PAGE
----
Why we shouldn’t bail out Portugal

Allister Heath
HERE’S a heretical thought: let’s not bail out Portugal. The near-bankrupt country has just seen its Prime Minister resign after losing a key vote on his government’s fourth austerity package in a couple of years, while Fitch has just downgraded the country’s credit rating. Yet the talk now is of a bailout – even though Portugal’s parliament has just refused to take the pain. To agree to a rescue would be to send out the wrong message and would force hard-pressed UK taxpayers to underwrite part of the bill.

A rescue package would need to be worth a minimum of €60bn-€70bn to cover the country’s deficit and bond repayments for three years. Part of this would be drawn from the European Financial Stability Mechanism, the €60bn rescue fund which is activated by majority voting and of which the UK is a member. Open Europe, the think-tank, estimates that the UK’s share would range from €810m to €3.7bn under a €60bn bail-out, and €945m-€4.26bn under a €70bn rescue deal. The UK would also have to contribute to any IMF bailout.

Portugal’s main problem is that its unit labour costs are way too high, making its exports uncompetitive. Being a member of the euro, it cannot depreciate its currency (the course of action taken by Britain during the past three years). It cannot inflate its wages down (a strategy that Britain appears to be secretly pursuing, with the Office for Budget Responsibility and others predicting that take-home pay will continue to fall after adjusting for inflation). It certainly cannot print more money to buy back its own bonds (again, unlike the UK). The only way Portugal can readjust, therefore, is to start reducing wages the hard way in nominal, euro terms – an internal devaluation. Yet even if this were politically possible, it would increase the burden of Portugal’s existing private and public debt: if workers earn 10 per cent less, and their mortgages remain the same, interest payments suddenly become more difficult to bear. Taxes would also have to rise as a proportion of lower wages to meet existing spending commitments.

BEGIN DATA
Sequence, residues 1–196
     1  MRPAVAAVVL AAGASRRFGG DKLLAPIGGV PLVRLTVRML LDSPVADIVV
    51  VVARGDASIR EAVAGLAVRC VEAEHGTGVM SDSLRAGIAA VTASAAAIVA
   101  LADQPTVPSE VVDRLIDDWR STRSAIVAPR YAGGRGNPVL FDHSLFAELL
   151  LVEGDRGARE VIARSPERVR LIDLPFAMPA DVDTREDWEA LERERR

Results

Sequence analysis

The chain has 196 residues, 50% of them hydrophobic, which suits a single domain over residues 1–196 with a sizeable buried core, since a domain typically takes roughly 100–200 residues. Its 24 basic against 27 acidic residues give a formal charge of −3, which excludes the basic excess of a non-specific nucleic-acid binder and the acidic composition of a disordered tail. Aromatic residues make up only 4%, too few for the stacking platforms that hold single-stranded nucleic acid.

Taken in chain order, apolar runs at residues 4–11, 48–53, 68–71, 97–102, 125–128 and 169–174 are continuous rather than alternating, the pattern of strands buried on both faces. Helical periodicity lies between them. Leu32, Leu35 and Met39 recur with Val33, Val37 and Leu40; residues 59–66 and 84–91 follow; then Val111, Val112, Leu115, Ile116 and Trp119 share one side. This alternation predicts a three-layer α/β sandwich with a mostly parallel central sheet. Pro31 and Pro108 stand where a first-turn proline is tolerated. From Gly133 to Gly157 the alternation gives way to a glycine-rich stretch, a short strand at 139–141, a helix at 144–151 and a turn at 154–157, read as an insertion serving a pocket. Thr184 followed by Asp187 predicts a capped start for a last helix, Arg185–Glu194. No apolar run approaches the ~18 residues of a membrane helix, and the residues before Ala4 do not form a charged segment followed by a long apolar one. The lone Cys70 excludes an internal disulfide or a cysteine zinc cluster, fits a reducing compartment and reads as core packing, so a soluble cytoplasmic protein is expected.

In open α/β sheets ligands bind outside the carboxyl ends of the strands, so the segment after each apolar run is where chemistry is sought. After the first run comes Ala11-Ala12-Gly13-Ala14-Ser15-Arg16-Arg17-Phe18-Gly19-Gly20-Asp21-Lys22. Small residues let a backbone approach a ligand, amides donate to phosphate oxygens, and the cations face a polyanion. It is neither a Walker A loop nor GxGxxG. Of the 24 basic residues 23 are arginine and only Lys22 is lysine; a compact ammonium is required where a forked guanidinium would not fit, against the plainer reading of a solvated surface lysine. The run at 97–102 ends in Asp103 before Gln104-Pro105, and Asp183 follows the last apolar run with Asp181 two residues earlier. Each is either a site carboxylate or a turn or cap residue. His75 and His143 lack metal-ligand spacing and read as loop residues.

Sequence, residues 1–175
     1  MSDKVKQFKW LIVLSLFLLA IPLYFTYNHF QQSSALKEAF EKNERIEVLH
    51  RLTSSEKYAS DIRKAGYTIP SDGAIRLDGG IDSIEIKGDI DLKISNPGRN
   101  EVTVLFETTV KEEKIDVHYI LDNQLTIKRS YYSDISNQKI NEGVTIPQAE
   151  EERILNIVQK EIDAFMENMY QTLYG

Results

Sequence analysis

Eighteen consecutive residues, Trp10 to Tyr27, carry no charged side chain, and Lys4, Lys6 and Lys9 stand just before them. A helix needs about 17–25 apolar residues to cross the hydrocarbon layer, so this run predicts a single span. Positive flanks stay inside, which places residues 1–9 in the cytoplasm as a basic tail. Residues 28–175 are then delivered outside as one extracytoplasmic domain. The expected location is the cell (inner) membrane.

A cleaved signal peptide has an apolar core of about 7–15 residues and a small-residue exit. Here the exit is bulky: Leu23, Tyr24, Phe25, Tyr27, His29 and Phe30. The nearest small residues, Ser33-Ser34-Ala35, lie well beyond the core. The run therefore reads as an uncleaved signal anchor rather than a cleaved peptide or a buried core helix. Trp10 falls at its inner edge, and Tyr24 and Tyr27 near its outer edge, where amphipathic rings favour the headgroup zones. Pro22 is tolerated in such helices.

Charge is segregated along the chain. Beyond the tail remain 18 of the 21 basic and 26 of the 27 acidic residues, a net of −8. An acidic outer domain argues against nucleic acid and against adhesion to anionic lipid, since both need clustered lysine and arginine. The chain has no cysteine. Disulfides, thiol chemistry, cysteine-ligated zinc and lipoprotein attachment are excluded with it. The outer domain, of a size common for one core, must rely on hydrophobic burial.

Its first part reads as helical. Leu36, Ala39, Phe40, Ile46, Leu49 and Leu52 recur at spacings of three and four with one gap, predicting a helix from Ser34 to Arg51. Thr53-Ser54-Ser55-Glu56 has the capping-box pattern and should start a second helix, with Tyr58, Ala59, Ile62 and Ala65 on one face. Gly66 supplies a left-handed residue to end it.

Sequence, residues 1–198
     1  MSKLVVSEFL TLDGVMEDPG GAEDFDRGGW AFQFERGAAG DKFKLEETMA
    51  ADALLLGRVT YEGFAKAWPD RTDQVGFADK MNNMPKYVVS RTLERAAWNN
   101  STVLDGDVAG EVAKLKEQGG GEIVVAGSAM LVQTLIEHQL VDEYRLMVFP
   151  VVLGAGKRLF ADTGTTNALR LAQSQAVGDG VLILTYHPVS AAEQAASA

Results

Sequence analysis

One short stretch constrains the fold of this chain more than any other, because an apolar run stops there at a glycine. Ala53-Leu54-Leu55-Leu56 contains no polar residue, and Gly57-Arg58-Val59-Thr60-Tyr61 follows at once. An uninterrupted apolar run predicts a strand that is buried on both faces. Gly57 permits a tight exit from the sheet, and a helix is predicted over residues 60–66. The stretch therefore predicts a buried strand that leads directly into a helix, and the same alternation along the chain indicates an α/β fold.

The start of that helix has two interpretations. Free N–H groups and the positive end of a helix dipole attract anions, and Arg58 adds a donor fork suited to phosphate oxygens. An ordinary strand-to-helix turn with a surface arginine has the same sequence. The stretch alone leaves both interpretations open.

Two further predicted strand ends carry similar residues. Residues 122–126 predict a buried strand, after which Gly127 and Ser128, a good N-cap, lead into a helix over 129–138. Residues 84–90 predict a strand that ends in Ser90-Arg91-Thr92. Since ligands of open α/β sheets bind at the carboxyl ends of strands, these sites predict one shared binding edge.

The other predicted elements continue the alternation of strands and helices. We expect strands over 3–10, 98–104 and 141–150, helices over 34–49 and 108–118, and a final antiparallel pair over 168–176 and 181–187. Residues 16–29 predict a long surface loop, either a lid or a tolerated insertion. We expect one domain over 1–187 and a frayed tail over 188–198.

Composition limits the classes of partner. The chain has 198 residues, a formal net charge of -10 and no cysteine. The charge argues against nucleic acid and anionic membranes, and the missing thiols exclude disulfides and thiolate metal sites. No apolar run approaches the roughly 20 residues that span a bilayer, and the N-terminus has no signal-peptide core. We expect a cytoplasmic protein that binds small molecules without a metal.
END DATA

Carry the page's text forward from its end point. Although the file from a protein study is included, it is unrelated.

The problem, of course, is that wage cuts are nigh-on impossible in Portugal, which means unemployment will keep on going up. Portugal has one of the most regulated labour markets of the Eurozone countries. Without substantial reform, rigidities will stop any downwards pressure on real wages. The answer must thus be a combination of measures to deregulate the economy – as well as a partial default on the national debt.

The EU’s strategy is to throw good money after bad and to pretend that the only thing an over-leveraged country that has priced itself out of global export markets needs is another loan. This approach stands no chance of success. It is also important to realise that austerity packages alone are a necessary condition for recovery – but not a sufficient one. Radical supply-side policies are also needed to boost growth, not just half-hearted fiscal tightening policies that end up hiking taxes too much rather than taking an axe to privileges and unaffordable spending commitments.

Of course, bond investors and financial institutions will suffer if the EU allows Lisbon to default and forces a proper, well-managed restructuring of its debt. But Portugal is too small to be another Lehman Brothers. The bail-out culture must end – as must the socialisation of risk and the nationalisation of losses. Enough is enough.
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